However, some investors prefer to have a physical stock certificate as evidence of their ownership. Although companies are not required to issue paper stock certificates, many will do so upon request.
How To Obtain a Stock Certificate
The easiest way to obtain a stock certificate today is through the broker who sold you the shares. They retain the information pertaining to the sale of the shares, including the contact information of the company's transfer agent, who is responsible for issuing the stock certificate. Most brokers charge a fee for this service, which can run as high as $500.
Alternatively, you can take a more direct route by going through the company's transfer agent. However, this can be a time-consuming process. You can find the transfer agent's contact information on the company's annual report, which is usually available on the company's website.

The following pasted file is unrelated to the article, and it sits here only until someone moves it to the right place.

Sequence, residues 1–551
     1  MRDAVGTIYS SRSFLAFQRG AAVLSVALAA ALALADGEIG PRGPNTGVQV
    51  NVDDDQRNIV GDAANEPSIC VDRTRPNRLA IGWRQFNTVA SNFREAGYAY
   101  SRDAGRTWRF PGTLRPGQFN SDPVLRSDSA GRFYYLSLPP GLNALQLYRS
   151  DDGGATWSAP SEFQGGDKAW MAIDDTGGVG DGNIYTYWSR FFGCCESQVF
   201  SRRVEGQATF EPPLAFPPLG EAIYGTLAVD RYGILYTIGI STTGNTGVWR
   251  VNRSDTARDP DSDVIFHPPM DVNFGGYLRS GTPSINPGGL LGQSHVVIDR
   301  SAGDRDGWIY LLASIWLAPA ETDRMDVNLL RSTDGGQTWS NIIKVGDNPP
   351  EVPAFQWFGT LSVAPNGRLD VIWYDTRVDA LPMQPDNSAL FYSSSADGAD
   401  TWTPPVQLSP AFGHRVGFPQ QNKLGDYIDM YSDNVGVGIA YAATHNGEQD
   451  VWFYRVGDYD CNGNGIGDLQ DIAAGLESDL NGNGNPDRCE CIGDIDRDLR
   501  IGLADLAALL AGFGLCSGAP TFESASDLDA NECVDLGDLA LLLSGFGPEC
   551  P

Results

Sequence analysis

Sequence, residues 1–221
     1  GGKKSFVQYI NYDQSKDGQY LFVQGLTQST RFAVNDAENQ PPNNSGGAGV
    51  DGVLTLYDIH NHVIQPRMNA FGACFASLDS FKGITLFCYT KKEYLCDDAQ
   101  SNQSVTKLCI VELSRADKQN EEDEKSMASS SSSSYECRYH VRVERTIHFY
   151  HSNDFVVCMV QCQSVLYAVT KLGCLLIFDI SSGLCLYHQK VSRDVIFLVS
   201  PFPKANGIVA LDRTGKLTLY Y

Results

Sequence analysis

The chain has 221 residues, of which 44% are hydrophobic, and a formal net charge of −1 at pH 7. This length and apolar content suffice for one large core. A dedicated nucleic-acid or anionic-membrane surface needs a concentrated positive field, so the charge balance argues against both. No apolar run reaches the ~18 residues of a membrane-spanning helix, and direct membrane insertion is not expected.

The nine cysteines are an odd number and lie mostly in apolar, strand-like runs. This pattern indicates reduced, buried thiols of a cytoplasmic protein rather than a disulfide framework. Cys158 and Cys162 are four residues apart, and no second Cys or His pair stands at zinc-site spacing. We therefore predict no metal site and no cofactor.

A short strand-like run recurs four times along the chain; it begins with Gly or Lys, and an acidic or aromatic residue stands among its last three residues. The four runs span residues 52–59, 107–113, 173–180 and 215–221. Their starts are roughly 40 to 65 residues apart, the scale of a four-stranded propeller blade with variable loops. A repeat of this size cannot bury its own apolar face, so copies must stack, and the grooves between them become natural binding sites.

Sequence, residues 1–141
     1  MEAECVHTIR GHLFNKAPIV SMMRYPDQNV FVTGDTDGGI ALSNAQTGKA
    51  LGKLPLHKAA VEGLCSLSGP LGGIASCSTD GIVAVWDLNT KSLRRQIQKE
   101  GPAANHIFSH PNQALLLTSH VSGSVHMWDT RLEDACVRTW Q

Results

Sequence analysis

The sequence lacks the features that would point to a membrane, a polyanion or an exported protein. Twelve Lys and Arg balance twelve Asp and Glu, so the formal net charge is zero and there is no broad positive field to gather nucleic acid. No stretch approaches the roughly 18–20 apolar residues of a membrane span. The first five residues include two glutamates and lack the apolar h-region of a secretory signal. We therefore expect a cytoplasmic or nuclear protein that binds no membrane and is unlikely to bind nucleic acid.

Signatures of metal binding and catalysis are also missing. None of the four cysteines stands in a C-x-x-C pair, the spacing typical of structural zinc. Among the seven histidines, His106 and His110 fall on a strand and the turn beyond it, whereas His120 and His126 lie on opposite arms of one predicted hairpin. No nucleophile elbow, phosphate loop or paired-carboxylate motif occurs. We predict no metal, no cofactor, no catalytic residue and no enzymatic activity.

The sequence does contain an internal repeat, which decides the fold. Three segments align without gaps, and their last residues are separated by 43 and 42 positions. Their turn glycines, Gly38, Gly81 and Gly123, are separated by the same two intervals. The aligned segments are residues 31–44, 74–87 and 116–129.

Pros & Cons of Holding a Physical Certificate
- The issuing company will be able to notify you directly with company news and other information that can impact your shares.
- Instead of having any dividends deposited in a brokerage account, they will send them directly to you.
- You can pledge physical stock certificates as collateral for a loan.
- You have to send the certificate to your broker or the company's transfer agent to sell the shares, which can preclude a quick turnaround of funds.
- If you lose your certificate, you may have to pay a fee to replace it.
- If you move, you need to contact the transfer agent with the address change so you don't miss any notifications.
Important: A major shortcoming of physical stock certificates is that, unlike electronically held shares, they cannot be sold at a push of a button. However, physical stock certificates can be deposited into brokerage accounts, thereafter giving the owner the opportunity to sell the shares quickly.
This article was written by